But that’s not all. When we pray, we do not pray on our own. There is one by our side, God with us, the one we call the Son. As John 3:16 tells us “God so loved the world that he gave his only Son”. This was Jesus:

  • who prayed to God as Dad and teaches us to do the same;

  • who said and did just what God would do and calls us to follow suit;

  • who laid down his life so that we could have life.

Hebrews 7:25 explains that Jesus ‘is able to save completely those who come to God through him, because he always lives to intercede for them.’ We don’t just pray to a mighty God enthroned on high, we pray with God the Son…who is beside us and is praying for us. So be encouraged, especially when you feel isolated or alone. Jesus is praying with us and for us.


We remember Jesus in the sharing of bread and wine. And for us at St Andrews it has been over a year since we did this together in person. Thankfully, it is not only through this sacrament that we experience God with us. For God has also given the Holy Spirit, as we celebrated on Pentecost Sunday last weekend.


Let's read Romans 8:14-17 and 26-27:


14 For those who are led by the Spirit of God are the children of God. 15 The Spirit you received does not make you slaves, so that you live in fear again; rather, the Spirit you received brought about your adoption to sonship. And by him we cry, “Abba, Father.” 16 The Spirit himself testifies with our spirit that we are God’s children. 17 Now if we are children, then we are heirs—heirs of God and co-heirs with Christ, if indeed we share in his sufferings in order that we may also share in his glory.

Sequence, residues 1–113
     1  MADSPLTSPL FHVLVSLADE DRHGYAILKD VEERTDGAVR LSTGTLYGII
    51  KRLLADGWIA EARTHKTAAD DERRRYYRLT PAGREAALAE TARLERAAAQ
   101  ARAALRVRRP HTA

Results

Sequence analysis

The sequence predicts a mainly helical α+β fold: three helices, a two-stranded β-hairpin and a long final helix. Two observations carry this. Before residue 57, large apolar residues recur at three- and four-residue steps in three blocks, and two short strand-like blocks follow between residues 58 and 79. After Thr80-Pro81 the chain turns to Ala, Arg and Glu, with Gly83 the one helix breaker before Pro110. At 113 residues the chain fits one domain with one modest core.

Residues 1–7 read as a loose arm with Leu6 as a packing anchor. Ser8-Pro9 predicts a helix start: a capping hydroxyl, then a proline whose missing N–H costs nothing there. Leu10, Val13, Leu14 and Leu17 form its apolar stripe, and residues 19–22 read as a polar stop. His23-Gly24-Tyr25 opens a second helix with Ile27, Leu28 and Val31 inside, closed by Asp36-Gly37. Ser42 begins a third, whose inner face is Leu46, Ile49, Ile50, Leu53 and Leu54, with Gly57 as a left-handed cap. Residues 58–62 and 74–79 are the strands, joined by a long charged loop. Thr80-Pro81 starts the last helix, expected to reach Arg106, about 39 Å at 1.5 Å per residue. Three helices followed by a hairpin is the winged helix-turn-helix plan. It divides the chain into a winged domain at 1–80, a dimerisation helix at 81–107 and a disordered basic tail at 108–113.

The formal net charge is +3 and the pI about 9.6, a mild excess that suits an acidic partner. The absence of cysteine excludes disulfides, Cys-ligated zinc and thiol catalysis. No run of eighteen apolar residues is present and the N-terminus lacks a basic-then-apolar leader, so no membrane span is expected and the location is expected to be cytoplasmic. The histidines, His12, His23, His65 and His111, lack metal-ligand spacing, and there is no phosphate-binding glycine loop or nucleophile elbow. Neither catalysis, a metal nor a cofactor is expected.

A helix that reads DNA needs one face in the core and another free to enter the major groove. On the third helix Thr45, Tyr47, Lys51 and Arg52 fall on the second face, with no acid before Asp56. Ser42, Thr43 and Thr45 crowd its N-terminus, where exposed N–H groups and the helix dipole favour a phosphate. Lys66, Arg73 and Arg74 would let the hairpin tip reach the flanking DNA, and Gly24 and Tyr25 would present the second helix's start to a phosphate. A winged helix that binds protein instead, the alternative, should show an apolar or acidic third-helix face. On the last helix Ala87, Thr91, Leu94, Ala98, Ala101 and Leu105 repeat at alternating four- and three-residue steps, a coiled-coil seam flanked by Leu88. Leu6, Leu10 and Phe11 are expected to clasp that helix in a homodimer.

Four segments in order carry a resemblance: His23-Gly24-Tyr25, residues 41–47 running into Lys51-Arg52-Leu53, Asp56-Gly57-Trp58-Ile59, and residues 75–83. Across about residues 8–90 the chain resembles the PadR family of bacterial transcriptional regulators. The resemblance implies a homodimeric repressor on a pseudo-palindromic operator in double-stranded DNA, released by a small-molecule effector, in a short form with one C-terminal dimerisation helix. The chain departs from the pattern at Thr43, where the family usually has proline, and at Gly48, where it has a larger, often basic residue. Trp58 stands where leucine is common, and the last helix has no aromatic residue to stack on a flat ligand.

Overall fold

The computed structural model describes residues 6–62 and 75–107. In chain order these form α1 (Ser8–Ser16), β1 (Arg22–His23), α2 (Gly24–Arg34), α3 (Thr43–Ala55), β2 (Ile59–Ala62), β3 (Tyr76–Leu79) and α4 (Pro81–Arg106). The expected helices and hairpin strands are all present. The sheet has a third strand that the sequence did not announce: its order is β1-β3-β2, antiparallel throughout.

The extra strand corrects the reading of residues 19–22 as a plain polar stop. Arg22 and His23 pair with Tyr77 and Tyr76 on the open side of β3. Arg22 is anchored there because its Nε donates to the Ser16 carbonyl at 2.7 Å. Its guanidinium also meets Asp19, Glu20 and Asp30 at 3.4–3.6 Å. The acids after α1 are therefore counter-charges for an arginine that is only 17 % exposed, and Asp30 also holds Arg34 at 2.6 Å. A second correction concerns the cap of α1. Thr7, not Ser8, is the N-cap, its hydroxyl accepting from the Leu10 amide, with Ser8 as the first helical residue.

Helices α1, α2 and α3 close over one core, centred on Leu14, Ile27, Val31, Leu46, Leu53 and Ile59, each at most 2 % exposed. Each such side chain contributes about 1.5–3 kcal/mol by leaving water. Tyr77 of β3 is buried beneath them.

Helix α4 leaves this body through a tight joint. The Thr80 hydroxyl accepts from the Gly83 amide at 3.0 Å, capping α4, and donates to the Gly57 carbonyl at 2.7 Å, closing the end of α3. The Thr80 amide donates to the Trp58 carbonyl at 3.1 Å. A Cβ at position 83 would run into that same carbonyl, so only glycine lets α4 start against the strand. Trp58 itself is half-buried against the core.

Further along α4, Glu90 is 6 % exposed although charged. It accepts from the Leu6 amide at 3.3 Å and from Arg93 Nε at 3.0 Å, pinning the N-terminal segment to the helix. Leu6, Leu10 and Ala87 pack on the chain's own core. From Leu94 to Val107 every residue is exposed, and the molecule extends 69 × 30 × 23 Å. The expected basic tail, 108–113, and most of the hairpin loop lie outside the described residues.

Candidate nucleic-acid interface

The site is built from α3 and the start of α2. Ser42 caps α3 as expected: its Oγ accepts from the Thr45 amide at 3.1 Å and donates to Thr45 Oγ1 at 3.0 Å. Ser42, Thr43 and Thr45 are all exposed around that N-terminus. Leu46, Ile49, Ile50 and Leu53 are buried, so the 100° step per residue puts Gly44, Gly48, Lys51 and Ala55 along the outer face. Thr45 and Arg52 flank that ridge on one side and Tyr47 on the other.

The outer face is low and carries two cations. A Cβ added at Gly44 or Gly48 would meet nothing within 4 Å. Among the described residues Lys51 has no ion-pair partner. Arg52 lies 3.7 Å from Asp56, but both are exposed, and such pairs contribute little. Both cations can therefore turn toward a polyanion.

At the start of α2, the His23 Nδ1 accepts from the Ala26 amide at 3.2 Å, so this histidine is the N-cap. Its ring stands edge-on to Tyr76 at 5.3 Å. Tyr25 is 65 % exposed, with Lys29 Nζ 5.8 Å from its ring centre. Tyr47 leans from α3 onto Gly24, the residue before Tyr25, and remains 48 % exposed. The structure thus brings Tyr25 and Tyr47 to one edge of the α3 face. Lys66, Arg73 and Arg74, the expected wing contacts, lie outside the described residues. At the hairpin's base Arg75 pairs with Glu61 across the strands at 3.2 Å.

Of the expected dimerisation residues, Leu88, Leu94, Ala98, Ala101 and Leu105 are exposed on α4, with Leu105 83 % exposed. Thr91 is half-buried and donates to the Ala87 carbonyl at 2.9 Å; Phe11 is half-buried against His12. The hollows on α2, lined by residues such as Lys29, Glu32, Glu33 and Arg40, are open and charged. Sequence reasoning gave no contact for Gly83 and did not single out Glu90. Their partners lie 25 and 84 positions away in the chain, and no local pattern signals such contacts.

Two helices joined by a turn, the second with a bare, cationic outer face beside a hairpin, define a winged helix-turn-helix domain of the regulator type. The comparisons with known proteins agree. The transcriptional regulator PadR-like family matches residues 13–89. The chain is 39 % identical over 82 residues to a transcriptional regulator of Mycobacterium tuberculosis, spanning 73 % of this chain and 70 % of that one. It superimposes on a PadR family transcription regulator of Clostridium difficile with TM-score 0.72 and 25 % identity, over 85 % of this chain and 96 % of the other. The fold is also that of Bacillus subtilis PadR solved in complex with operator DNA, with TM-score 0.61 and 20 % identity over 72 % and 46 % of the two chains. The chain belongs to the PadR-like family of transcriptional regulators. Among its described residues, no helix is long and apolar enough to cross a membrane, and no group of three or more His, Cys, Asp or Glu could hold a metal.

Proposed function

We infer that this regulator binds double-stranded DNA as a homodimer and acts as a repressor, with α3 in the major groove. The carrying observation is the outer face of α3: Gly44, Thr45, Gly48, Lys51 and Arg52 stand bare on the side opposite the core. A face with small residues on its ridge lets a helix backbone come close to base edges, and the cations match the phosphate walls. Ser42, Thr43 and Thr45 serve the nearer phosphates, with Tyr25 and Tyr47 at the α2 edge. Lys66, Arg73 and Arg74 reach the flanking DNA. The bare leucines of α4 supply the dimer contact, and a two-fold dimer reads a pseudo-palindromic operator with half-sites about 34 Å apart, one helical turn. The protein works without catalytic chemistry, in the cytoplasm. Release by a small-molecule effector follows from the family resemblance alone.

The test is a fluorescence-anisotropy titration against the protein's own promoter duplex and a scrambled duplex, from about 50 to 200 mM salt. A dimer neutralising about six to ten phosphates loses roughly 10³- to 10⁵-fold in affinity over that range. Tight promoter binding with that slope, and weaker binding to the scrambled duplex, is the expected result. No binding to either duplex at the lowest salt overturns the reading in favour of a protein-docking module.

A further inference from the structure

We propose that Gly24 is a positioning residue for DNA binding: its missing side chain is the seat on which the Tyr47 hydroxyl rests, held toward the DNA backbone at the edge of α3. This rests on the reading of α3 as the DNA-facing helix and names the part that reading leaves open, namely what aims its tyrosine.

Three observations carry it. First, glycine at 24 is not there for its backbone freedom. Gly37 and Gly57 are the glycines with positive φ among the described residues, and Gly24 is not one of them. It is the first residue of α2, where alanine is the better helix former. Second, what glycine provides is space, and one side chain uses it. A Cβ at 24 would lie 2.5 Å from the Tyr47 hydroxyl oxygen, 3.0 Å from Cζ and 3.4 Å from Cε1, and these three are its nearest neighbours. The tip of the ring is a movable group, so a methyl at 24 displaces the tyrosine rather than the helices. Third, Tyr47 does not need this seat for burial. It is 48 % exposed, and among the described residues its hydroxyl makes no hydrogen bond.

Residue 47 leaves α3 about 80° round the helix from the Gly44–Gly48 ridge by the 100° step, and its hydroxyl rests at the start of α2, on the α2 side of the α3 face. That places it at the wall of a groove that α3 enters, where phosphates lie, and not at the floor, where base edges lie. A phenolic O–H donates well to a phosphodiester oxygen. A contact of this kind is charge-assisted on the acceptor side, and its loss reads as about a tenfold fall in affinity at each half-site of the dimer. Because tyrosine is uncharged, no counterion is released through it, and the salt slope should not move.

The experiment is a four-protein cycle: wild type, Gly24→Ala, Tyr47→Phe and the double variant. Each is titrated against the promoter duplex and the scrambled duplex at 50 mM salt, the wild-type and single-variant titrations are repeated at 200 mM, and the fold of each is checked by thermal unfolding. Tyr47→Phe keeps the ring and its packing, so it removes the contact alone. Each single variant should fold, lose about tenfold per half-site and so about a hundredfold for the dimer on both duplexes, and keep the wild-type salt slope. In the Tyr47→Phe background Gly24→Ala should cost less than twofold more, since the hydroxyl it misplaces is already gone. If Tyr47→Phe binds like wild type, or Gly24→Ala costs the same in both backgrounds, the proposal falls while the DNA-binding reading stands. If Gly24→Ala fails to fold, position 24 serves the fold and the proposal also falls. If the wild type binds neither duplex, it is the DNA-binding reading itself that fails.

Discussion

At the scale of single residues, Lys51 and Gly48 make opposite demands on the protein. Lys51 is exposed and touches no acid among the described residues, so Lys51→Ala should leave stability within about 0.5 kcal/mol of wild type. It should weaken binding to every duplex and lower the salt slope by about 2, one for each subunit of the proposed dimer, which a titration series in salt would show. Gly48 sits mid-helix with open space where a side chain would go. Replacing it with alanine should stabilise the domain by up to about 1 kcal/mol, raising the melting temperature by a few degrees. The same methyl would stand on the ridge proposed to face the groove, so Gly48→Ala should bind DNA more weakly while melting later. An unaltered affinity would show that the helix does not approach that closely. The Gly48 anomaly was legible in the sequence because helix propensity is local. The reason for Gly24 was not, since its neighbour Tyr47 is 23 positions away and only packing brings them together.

26 In the same way, the Spirit helps us in our weakness. We do not know what we ought to pray for, but the Spirit himself intercedes for us through wordless groans. 27 And he who searches our hearts knows the mind of the Spirit, because the Spirit intercedes for God’s people in accordance with the will of God.


Here, the apostle Paul says that it is God’s Spirit within who assures us we are God’s children, and who moves us and helps us to pray to our heavenly father.


So when we pray, when we yearn, when we long to see God work, when we, in our own small, weak ways, feel love and care flow through us – that is God's life, the Spirit of God, given to us, moving in us and working through us. To borrow Mike Highton’s words, it’sGod in our hearts, God in our guts, God’s life in our lives”.


So, when we pray, we pray to God, our almighty Father.

When we pray, Jesus, God's Son, prays with us and for us.

And when we pray, God the Holy Spirit, is at work within us helping us to pray.


Holy God,

faithful and unchanging:

enlarge our minds with the knowledge of your truth,

and draw us more deeply into the mystery of your love,

that we may truly worship you,

Father, Son and Holy Spirit,

one God, now and for ever.

Amen.